Legal Aid by Frank O’Connor, 1951 Read the rest of this entry »
A Presidential Candidate by Mark Twain, 1879 Read the rest of this entry »
The Nose by Nikolai Gogol, 1836
The magic trick:
Balancing conceptual symbolism and comedy
Typically, when an artist elects to use bold symbolism and conceptual commentary, they are trading in the chance at comedy (at least unintentional comedy). High pretension simply doesn’t blend well with a down-to-earth sense of humor. Somehow though, Gogol is able to achieve both simultaneously.
Consider that in “The Nose,” Gogol does all this: totally distorts the reader’s sense of realistic expectation, makes very serious critiques of a society based on superficial status symbols, and distances himself from the whole thing by throwing in funny asides in which the narrator basically says, “Wow, this whole story is really silly.”
It’s a wonderful tone – like Twain, Chekhov and Kafka rolled into one. And that’s quite a trick on Gogol’s part.
Poor Kovalev felt almost demented. The astounding event left him utterly at a loss. For how could the nose which had been on his face but yesterday, and able then neither to drive nor to walk independently, now be going about in uniform?
The Greatest Man In The World by James Thurber, 1931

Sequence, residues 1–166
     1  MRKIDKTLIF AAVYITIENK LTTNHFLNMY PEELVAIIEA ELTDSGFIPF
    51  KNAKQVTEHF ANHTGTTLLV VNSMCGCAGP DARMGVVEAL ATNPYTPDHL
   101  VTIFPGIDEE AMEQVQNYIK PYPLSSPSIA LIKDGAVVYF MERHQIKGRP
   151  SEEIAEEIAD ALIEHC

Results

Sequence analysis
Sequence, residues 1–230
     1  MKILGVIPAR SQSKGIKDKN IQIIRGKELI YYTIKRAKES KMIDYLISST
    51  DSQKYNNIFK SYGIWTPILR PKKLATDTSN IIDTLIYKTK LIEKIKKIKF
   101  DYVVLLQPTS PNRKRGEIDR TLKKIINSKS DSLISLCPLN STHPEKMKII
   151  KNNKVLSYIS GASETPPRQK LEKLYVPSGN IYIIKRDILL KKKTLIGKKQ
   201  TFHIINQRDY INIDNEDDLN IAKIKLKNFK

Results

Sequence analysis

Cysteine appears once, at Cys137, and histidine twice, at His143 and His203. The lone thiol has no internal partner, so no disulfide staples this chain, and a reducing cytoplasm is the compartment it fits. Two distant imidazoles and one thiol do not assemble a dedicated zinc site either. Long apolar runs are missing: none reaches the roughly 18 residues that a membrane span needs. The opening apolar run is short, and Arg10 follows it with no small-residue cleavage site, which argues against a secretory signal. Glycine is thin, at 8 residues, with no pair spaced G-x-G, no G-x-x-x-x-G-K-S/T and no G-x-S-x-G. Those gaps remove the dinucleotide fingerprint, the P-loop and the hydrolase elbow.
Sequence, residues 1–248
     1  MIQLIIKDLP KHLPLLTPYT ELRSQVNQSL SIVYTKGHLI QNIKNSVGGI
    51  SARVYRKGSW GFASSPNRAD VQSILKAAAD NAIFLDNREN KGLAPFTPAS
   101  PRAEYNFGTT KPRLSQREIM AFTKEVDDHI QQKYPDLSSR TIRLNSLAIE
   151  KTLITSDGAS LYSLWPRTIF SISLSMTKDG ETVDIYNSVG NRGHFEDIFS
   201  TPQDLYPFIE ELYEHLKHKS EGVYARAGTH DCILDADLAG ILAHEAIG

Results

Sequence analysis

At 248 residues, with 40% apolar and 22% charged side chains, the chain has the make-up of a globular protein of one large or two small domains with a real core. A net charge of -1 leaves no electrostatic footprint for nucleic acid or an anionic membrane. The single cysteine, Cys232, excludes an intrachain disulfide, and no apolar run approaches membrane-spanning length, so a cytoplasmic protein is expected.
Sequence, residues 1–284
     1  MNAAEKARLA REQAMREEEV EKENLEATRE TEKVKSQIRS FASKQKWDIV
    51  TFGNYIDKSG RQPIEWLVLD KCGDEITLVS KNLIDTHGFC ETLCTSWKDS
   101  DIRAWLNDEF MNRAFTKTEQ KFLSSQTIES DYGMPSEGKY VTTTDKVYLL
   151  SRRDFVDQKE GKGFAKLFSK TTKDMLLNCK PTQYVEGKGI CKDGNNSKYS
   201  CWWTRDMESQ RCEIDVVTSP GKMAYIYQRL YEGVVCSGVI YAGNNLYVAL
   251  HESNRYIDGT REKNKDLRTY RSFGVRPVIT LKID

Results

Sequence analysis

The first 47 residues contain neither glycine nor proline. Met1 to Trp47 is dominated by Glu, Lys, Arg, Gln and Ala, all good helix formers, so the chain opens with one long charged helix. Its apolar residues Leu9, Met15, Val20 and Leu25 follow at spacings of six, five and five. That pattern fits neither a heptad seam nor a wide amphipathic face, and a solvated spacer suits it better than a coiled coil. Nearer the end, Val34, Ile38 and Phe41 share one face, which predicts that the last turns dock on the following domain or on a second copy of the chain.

The magic trick:
A very cynical – and very funny – government conspiracy
All good satire is rooted in misanthropy. The key, I think, is to keep the balance right. Too much misanthropy kills the humor. This Thurber piece comes close to tipping those scales in favor of the misanthrope, but in the end, the humor wins out.
The story’s joke is that the latest aviation hero’s detestable personality and personal history are a threat to a national security based on the promotion of clean-cut, patriotic achievers. Thurber skewers the media and the government relentlessly. It is a silly, absurd story, but the criticism of hypocritical American institutions wounds deep. And that’s quite a trick on Thurber’s part.
None of this extraordinary interview was, of course, printed. On the contrary, the newspapers, already under the disciplined direction of a secret directorate created for the occasion and composed of statesmen and editors, gave out to a panting and restless world that “Jacky,” as he had been arbitrarily nicknamed, would consent to say only that he was very happy and that anyone could have done what he did. “My achievement has been, I fear, slightly exaggerated,” the Times man’s article had him protest, with a modest smile.